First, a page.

I arrived home one day recently to find a magical box on the table. Tony (my husband) had been sent a book for review, but “book” is entirely too simple a word for this object. Photographer Aaron Huey is the creative force behind Where the Heaven Flowers Grow, a layered work that requires a piecemeal approach. I sat mesmerized for an hour as I took apart the relic, feeling as if I alone had discovered something that was meant to be mysteriously found at precisely the right time. Tony asked his good friend, author, actor, and pastor Russell Rathbun, to review the book since Russell has spent time personally with the subject of this 3-D documentary poem of images and words. Please read on for his review, and do try to spend some time holding this unique work.
Where the Heaven Flowers Grow: The Life & Art of Leonard Knight by Aaron Huey (Outsider Books, Seattle WA, 2015).
Review by Russell Rathbun
Opening Aaron Huey’s remarkable unbound book was like taking the lid of an old shoebox full of papers, photos, and mementos chronicling a life. The experience is different than a book, turning each page in a prescribed narrative. With Where the Heaven Flowers Grow open on the table, I can pick up what ever catches my eye, sifting through the folio pages, reading the inserted slips of paper, unfolding a hand written letter to have snap shots fall out, paging through a staff paper note book of original songs and poring over the more than 80 images of Leonard Knight and his Salvation Mountain. As a result I felt like I shared an intimacy with Leonard, facilitated by Huey, and I wished I would have known him better.
In 1984 Leonard Knight, a wanderer and a prophet stopped in the desert, like Abraham and Jacob before him, to build a monument to the Lord. On the bank of a dry riverbed near the Salton Sea, he mixed cement and paint and began his simple marker to proclaim that “God Loves You” to the world. Abraham set up his monument and continued on to Egypt. Leonard stayed and kept building.
Thirty years later Leonard had build a mountain 50 feet tall and 150 feet across, using over 300,000 gallons of paint. Leonard had built not just a mountain but so much good will that all his paint, straw bales, all his materials were gifts. People just showed up with them, making an offering at the altar to Love. Some looked around for a while and said thank you, some stuck around and helped.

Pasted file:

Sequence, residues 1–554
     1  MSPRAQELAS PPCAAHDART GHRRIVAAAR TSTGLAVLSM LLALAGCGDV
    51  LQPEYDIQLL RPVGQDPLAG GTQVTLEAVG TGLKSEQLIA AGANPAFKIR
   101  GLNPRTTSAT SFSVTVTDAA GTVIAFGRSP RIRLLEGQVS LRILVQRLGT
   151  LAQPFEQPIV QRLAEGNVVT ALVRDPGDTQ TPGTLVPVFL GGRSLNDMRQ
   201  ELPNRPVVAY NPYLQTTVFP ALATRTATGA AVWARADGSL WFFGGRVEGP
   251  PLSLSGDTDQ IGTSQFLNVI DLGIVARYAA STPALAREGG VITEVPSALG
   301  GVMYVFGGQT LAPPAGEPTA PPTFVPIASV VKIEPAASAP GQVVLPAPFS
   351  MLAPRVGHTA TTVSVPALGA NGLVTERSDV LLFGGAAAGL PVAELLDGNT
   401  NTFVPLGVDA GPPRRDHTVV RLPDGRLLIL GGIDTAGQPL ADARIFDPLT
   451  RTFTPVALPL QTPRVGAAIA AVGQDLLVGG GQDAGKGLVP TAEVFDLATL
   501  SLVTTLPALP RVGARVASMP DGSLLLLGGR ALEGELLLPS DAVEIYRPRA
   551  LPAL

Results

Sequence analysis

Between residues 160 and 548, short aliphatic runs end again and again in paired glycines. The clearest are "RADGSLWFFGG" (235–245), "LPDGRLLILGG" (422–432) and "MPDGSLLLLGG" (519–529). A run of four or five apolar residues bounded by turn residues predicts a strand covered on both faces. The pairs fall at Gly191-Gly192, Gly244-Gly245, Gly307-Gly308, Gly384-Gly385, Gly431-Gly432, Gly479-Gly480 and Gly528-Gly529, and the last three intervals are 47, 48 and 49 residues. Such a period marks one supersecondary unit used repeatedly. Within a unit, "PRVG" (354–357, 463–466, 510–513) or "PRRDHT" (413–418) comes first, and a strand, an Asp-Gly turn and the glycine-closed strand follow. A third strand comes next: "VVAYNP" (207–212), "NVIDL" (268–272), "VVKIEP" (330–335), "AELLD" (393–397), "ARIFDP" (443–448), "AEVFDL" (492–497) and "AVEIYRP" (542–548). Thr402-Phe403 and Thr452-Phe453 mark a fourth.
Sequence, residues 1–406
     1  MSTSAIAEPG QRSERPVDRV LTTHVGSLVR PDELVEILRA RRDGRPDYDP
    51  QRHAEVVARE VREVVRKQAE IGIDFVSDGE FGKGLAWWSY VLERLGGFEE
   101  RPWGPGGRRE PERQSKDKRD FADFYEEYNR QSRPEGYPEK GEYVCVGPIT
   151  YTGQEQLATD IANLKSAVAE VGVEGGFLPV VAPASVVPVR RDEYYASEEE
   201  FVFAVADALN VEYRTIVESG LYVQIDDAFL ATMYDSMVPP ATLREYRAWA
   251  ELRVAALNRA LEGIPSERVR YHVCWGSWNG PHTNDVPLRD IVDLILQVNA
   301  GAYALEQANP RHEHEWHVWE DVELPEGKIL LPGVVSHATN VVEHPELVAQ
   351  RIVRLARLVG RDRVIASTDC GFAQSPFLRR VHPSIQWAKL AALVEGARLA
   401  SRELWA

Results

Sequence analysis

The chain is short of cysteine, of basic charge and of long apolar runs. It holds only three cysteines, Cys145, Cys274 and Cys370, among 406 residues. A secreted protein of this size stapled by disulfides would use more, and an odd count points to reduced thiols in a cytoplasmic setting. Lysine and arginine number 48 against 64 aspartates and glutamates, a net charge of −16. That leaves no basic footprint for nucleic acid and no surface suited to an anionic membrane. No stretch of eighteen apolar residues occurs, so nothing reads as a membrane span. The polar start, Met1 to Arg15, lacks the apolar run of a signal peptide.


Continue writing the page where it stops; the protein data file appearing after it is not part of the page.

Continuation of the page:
Photographer Aaron Huey was one who stuck around and helped. He worked with Leonard on the mountain for five years, documenting its growth and changes and capturing the spirit of this spiritual pilgrim turned internationally known outsider artist.
Salvation Mountain, once declared an environmental disaster, is now a registered National Treasure, by an act of Congress. It has been the subject of many national newspaper and TV pieces. Leonard and Salvation Mountain were not only featured in Into the Wild, staring Leonardo Di Capria, but also Grand Theft Auto V.
Leonard died in February of 2014, but a group of volunteers continue to maintain Salvation Mountain and carry on Leonard Knight’s calling to be a voice shouting in the wilderness, with bright colored paint on a man-made mountain, that “God is Love,” and that love flows Aaron Huey’s beautiful and moving book.
Russell writes about Leonard Knight and Salvation Mountian in his up coming book, The Great Wall of China and the Salton Sea, Eerdmans Publishing, Spring 2016. Read an excerpt.